hf = ( 50.0 × 10 3 ) ( 1.60 × 10 –19 C V ) ( 1 eV 1.60 × 10 –19 C V ) = ( 50.0 × 10 3 ) ( 1 eV ) = 50.0 keV.

Discussion

This example produces a result that can be applied to many similar situations. If you accelerate a single elementary charge, like that of an electron, through a potential given in volts, then its energy in eV has the same numerical value. Thus a 50.0-kV potential generates 50.0 keV electrons, which in turn can produce photons with a maximum energy of 50 keV. Similarly, a 100-kV potential in an x-ray tube can generate up to 100-keV x-ray photons. Many x-ray tubes have adjustable voltages so that various energy x rays with differing energies, and therefore differing abilities to penetrate, can be generated.

Questions & Answers

Is there any normative that regulates the use of silver nanoparticles?
Damian Reply
what king of growth are you checking .?
Renato
What fields keep nano created devices from performing or assimulating ? Magnetic fields ? Are do they assimilate ?
Stoney Reply
why we need to study biomolecules, molecular biology in nanotechnology?
Adin Reply
?
Kyle
yes I'm doing my masters in nanotechnology, we are being studying all these domains as well..
Adin
why?
Adin
what school?
Kyle
biomolecules are e building blocks of every organics and inorganic materials.
Joe
anyone know any internet site where one can find nanotechnology papers?
Damian Reply
research.net
kanaga
sciencedirect big data base
Ernesto
Introduction about quantum dots in nanotechnology
Praveena Reply
what does nano mean?
Anassong Reply
nano basically means 10^(-9). nanometer is a unit to measure length.
Bharti
do you think it's worthwhile in the long term to study the effects and possibilities of nanotechnology on viral treatment?
Damian Reply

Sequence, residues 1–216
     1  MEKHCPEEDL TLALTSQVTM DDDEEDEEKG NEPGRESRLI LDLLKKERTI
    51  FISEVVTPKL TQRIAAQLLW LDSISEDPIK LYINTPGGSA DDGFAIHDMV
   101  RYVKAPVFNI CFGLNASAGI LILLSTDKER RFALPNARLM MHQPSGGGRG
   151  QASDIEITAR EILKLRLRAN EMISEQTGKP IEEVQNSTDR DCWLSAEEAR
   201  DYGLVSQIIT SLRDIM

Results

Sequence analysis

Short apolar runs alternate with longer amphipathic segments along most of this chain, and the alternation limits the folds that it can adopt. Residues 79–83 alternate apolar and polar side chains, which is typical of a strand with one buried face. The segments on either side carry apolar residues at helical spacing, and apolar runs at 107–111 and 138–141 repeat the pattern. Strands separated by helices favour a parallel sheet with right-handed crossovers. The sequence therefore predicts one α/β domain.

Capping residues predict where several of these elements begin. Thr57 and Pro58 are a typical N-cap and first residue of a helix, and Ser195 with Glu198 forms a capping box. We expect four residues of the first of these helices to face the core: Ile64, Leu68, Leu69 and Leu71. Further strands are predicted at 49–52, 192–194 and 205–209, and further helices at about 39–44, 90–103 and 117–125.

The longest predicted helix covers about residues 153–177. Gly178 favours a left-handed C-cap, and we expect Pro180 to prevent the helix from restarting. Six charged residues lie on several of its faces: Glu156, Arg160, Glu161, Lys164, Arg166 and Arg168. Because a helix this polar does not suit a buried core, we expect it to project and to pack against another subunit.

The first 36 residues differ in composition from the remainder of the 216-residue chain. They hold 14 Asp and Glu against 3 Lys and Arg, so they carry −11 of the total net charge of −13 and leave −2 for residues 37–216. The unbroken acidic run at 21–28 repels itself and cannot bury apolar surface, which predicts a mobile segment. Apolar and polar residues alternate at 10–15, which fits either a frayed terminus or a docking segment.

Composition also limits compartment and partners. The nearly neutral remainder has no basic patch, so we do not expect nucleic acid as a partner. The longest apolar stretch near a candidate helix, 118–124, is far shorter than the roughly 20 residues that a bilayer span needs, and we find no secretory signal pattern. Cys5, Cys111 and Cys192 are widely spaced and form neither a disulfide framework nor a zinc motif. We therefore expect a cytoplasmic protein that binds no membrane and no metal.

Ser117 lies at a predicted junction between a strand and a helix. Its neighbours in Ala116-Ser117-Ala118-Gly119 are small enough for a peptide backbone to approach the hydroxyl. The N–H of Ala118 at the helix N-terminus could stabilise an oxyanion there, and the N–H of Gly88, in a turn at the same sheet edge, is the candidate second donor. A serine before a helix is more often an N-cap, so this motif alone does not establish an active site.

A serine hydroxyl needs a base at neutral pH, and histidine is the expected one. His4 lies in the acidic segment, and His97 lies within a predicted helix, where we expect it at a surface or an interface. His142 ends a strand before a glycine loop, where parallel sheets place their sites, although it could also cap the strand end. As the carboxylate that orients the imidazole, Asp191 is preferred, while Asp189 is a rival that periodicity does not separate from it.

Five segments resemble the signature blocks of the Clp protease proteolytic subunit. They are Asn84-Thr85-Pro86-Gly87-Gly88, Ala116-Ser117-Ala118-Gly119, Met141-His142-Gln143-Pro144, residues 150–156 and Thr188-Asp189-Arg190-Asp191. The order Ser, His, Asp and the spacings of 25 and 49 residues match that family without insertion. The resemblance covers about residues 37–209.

absolutely yes
Daniel
how to know photocatalytic properties of tio2 nanoparticles...what to do now
Akash Reply
it is a goid question and i want to know the answer as well
Maciej
characteristics of micro business
Abigail
for teaching engĺish at school how nano technology help us
Anassong
Do somebody tell me a best nano engineering book for beginners?
s. Reply
there is no specific books for beginners but there is book called principle of nanotechnology
NANO
what is fullerene does it is used to make bukky balls
Devang Reply
are you nano engineer ?
s.
fullerene is a bucky ball aka Carbon 60 molecule. It was name by the architect Fuller. He design the geodesic dome. it resembles a soccer ball.
Tarell
what is the actual application of fullerenes nowadays?
Damian
That is a great question Damian. best way to answer that question is to Google it. there are hundreds of applications for buck minister fullerenes, from medical to aerospace. you can also find plenty of research papers that will give you great detail on the potential applications of fullerenes.
Tarell
what is the Synthesis, properties,and applications of carbon nano chemistry
Abhijith Reply
Mostly, they use nano carbon for electronics and for materials to be strengthened.
Virgil
is Bucky paper clear?
CYNTHIA
carbon nanotubes has various application in fuel cells membrane, current research on cancer drug,and in electronics MEMS and NEMS etc
NANO
so some one know about replacing silicon atom with phosphorous in semiconductors device?
s. Reply
Yeah, it is a pain to say the least. You basically have to heat the substarte up to around 1000 degrees celcius then pass phosphene gas over top of it, which is explosive and toxic by the way, under very low pressure.
Harper
Do you know which machine is used to that process?
s.
how to fabricate graphene ink ?
SUYASH Reply
for screen printed electrodes ?
SUYASH
What is lattice structure?
s. Reply
of graphene you mean?
Ebrahim
or in general
Ebrahim
in general
s.
Graphene has a hexagonal structure
tahir
On having this app for quite a bit time, Haven't realised there's a chat room in it.
Cied
what is biological synthesis of nanoparticles
Sanket Reply
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Source:  OpenStax, Basic physics for medical imaging. OpenStax CNX. Feb 17, 2014 Download for free at http://legacy.cnx.org/content/col11630/1.1